St. Paul trash collection fight could cost city $13 million

A fight over trash collection in St. Paul could cost the city millions of dollars.

City officials say they still have to fulfill contracts with trash haulers, despite a judge’s decision that orders an end to the program. That obligation will cost the city an estimated $13 million before the end of the year.

“I mean, the law is pretty clear on our side that citizens have a right to vote on any ordinance that the City Council passes,” said Peter Butler, a St. Paul resident.

Butler is a long-time St. Paul resident and plaintiff in the lawsuit against the city. Nearly two weeks ago, a judge ruled in Butler’s favor, saying the city can’t implement organized trash collection without a citizen vote.

“From the very get-go, even before they signed the contract, they were ignoring people’s concerns,” said Butler.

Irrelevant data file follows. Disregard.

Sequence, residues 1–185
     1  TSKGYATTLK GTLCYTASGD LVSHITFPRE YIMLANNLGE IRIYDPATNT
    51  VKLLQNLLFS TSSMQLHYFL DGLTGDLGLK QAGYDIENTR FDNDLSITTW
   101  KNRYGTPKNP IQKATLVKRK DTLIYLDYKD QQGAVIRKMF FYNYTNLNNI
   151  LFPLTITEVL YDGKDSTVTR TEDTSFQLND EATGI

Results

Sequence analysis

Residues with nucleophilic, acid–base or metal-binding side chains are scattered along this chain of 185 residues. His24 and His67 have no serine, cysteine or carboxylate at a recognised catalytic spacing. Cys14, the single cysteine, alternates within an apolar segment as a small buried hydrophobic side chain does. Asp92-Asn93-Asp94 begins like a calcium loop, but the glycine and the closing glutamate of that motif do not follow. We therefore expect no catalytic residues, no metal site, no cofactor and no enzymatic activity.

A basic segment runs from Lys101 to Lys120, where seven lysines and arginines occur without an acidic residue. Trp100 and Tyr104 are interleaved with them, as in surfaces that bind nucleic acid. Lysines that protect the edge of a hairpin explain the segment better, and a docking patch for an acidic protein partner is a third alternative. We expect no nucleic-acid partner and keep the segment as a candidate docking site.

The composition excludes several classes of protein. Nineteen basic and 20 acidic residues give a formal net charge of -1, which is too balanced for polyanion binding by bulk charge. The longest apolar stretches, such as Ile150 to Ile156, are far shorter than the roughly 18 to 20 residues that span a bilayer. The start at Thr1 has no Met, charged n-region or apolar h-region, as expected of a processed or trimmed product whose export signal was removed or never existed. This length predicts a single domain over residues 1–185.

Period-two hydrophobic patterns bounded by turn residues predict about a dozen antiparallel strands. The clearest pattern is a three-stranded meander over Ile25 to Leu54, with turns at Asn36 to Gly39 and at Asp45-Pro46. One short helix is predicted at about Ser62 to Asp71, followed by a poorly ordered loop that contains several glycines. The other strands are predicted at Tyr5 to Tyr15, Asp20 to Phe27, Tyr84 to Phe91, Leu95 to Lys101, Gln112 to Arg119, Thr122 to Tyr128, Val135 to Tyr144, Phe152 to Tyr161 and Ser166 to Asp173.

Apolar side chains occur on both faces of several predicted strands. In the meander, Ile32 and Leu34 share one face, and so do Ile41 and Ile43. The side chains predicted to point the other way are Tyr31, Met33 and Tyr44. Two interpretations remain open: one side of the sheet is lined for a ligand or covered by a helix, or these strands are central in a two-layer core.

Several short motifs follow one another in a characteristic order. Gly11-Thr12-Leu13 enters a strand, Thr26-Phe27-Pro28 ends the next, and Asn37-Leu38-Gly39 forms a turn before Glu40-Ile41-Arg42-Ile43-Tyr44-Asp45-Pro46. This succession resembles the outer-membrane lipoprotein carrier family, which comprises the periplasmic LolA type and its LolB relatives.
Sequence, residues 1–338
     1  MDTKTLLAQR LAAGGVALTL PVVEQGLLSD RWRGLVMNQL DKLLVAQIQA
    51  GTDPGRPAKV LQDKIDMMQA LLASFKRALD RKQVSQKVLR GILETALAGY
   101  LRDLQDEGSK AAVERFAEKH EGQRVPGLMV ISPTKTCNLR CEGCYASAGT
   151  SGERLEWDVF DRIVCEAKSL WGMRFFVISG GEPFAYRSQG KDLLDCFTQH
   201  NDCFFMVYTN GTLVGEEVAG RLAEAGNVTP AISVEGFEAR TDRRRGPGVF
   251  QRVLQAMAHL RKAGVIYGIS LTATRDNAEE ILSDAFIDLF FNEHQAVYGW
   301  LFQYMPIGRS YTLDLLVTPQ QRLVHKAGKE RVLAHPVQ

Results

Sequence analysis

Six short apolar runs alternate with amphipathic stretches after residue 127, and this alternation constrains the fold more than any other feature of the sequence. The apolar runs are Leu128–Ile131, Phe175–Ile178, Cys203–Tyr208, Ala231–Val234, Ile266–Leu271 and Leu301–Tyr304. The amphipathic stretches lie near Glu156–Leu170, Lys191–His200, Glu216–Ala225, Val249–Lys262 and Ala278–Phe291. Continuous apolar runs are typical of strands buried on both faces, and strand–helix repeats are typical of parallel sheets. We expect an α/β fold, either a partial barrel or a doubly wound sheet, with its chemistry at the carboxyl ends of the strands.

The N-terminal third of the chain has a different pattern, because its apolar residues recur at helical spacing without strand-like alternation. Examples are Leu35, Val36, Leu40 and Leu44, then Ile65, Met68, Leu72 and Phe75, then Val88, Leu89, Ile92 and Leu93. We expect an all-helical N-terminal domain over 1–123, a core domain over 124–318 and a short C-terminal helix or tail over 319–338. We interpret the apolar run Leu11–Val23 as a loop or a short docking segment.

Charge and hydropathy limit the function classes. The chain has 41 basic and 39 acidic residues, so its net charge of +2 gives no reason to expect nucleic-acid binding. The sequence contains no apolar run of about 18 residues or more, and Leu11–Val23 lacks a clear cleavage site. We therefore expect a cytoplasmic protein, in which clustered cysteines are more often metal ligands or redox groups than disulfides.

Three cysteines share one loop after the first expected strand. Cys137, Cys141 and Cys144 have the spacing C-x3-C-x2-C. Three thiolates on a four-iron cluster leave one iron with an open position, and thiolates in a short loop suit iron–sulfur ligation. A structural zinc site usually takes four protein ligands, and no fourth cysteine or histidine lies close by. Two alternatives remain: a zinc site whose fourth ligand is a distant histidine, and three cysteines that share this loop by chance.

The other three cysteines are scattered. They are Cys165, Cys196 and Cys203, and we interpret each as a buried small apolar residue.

The city says it plans on appealing the judge’s decision.

“We’re not listening to people and it’s costing the city a lot of money,” said Councilman Kassim Busuri. 

Busuri says he is for organized trash collection, yet he thinks the city should allow the issue to go to a vote as a judge ordered.

“If 6,000 people put in a petition to put this on the ballot, this should be on the ballot,” said Busuri. “No questions asked. We shouldn’t be appealing, we shouldn’t be making stays. At the end of the day, the money we’re spending belongs to the people.”

The city plans to use money from the emergency reserve fund to pay the trash haulers, unless it is granted a stay in the case.

The judge’s decision would put organized trash collection on the ballot in November. Butler points out that every city council member will be up for re-election at the same time.

“They’re in a politically difficult place and it’s time to say, ‘We made a mistake,’” said Butler.